For most of us, a selfie photo would mean a photo taken from a camera phone with hands extended. And since this usually focuses more on subjects face, being creative with the facial expression is the thing. I actually have hundreds of Selfies even before this trend came to be what it is called today. The onset of smartphones, digicams, entry level DSLR’s and Androids gave way to this kind of photography, and I’ve had it all, it’s the mark of this generation after all, I was a kid when this world existed without cellphones, and text messages that when it came to be; it was such a breakthrough technology.
I’m way past half assed selfie photos, pardon my strong opinion. I just think that if your photos aren’t sharp enough, forget the rest. You’ve heard this somewhere, but I won’t elaborate much on that. Camera phones just doesn’t do much justice, even digicams no matter how expensive they are, I should know; high Megapixels just doesn’t guarantee sharp photos, the CMOS sensor makes all Digicams the same no matter how much they vary in price range. It’s even frustrating when I take photos from my Android phone, be overly excited that they look good in the screen, only to tear at my hair when I check the file in the computer and see the photo on a larger screen. People can continue to use the camera 360 if they want to, nothing wrong with it really, but if you are passionate with photography, you wouldn’t sell out sharpness and make your yourself look like wax models; after all, facial features, expressions, the soulful eyes, these are what makes us humans and a camera is a tool to capture that essence.
As a travel blogger, I would often travel alone to explore the places I visit. I would be lucky if I had a travel buddy who could take instructions in taking photos because there is no way that I would leave a place without having my photo taken, and a phone or digicam selfie is out of the question. That aside, there are times that I wouldn’t have anyone else but myself, so I have to make do. Learning how to take self portraits proved to be an effort but fun and rewarding. The most basic equipment for me would be my entry level DSLR, a remote and tripod is needed but not required.
These photos I recently took in Los Arcos de Hermanos Resort in San Jose, Belmonte Bulacan on a company sponsored summer outing. While it was only for a day trip, I decided to stay for the night and actually spend my weekend in there with a few friends. I had planned to do this all along since it has been a while that I did night pool swimming (Check this link: A Night In A Dark Pool). The previous one, I did the same thing, taking photos of my friends using only the available fluorescent pool lamp. It did yield some amazing photos under low light condition. This time though, I didn’t have my tripod as I deemed it heavy for this relaxed trip, my remote shutter release is with me though, and this lessens the effort of going back and forth for camera adjustments. You can well imagine the effort photographers do just to create a set up for taking photos.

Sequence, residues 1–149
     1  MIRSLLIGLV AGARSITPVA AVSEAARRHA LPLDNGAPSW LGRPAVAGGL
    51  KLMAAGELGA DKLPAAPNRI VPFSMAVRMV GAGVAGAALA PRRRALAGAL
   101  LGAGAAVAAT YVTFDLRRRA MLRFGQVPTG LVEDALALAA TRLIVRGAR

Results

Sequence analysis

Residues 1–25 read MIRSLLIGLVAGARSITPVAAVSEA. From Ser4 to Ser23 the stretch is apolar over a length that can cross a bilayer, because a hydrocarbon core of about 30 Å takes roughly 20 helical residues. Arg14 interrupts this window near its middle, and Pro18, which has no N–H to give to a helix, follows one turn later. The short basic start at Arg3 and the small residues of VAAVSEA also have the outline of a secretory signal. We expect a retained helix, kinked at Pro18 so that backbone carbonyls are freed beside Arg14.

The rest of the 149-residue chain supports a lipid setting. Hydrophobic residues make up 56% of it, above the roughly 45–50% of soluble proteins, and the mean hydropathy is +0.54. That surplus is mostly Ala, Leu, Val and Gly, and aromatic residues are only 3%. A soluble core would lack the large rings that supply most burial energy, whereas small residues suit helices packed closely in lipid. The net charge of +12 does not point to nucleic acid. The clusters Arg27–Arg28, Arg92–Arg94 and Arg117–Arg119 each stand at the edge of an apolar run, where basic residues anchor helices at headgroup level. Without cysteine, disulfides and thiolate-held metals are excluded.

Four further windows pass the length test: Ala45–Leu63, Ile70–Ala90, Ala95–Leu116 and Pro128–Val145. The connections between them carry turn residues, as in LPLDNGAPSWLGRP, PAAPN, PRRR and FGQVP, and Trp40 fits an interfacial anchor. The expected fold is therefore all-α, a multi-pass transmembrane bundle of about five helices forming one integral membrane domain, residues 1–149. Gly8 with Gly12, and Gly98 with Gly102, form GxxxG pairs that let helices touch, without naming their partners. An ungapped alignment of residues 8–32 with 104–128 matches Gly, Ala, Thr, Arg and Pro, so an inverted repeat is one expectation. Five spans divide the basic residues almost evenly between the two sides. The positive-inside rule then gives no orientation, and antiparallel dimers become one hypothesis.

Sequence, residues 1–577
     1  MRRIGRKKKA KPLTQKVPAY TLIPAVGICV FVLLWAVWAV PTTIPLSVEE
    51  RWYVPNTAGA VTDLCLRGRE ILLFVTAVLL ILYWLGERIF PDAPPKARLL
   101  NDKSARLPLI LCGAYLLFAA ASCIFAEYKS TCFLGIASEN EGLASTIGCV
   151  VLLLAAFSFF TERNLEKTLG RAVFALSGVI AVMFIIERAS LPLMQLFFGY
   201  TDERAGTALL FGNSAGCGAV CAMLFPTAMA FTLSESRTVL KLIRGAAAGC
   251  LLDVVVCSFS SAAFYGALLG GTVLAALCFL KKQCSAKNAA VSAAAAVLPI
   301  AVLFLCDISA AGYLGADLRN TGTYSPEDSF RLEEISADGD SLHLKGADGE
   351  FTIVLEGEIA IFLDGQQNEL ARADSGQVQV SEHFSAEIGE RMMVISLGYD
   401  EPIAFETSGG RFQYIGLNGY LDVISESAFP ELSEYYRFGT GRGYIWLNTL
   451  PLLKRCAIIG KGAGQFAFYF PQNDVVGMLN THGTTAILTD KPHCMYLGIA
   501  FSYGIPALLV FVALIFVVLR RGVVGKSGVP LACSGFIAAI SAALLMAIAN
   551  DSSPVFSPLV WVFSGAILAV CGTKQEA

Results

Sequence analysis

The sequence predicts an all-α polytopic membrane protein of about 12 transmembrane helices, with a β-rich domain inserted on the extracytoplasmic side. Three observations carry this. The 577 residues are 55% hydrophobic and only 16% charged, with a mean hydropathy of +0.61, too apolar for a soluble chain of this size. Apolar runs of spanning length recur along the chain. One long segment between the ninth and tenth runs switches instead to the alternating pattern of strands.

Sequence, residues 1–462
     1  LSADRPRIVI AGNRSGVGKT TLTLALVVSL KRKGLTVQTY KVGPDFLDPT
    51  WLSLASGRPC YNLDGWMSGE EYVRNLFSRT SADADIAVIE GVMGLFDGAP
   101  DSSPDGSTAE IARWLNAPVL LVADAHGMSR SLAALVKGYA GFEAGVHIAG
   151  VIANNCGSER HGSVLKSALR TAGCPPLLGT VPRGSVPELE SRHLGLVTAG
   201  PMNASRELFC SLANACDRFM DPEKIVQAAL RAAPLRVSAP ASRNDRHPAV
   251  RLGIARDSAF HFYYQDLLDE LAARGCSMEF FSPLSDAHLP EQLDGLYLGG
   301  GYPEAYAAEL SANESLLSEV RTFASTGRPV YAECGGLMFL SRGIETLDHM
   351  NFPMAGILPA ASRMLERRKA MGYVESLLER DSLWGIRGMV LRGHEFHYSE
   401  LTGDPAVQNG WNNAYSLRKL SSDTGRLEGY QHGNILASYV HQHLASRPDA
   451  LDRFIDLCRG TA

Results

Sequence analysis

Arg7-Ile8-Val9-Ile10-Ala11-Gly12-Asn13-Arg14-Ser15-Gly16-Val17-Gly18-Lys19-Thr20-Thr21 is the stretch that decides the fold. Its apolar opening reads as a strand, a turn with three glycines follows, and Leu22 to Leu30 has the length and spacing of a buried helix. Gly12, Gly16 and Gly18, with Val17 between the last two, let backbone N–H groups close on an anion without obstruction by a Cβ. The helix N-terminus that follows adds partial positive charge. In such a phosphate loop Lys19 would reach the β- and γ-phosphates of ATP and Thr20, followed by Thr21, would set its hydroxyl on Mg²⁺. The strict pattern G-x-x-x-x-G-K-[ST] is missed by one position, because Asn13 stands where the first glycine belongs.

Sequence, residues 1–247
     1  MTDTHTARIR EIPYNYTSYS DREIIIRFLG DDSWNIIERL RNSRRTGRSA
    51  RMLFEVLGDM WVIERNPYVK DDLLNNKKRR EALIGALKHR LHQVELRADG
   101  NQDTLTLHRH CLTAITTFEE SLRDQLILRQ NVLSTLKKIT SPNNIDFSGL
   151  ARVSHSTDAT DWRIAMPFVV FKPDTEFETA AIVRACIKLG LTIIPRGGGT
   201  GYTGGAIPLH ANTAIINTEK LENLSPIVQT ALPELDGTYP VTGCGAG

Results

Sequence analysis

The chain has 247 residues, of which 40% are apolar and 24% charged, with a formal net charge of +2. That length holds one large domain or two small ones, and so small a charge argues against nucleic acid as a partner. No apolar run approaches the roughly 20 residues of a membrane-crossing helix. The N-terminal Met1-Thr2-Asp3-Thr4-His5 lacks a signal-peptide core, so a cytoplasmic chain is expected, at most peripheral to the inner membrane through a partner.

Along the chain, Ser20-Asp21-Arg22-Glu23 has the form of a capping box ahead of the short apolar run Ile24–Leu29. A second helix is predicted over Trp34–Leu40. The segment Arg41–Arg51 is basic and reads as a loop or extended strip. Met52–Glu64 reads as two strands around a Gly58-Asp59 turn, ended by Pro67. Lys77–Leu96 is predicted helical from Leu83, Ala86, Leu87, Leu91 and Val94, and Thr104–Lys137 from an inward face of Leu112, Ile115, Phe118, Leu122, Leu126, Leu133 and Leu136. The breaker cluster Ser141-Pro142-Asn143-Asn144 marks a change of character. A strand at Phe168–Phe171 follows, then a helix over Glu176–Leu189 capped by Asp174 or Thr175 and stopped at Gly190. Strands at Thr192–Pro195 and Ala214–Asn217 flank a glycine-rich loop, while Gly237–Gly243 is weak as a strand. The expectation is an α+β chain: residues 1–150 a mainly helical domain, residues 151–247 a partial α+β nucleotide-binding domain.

Placing the camera on top of a water jug that is placed on a table solved the issue of stability, no tripod, no problem. I was being resourceful, now I set up my camera for 2 second remote release, means I have about 3 seconds to be ready after hitting the remote button. For the ambient light, the lamps available aren’t sufficient, but I can’t use the camera flash as it would flatten out the image. If you consider studio portraits, the situation is far from it, I only have key light which are the lamps that can only illuminate me from the side. This set up of short light would normally work on female subjects; I’m just trying to be creative with silhouettes and shadows. To those who know better, would understand what I meant by short light and key lights, but for the sake of creativity and practicing portraiture with ambient setting, this would do. Setting my camera on manual mode, to better illuminate me as the subject I used a slow shutter speed which mean I posed still and steady for a number of seconds in each of these pictures. I prefer clean photos with less noise as possible; I used ISO 200 to achieve a good contrast in shadows while opened the Aperture to its widest possible. Without really looking much for the camera’s LCD Screen, I managed to take several frames in RAW file since I intended to process the photos to a good use.
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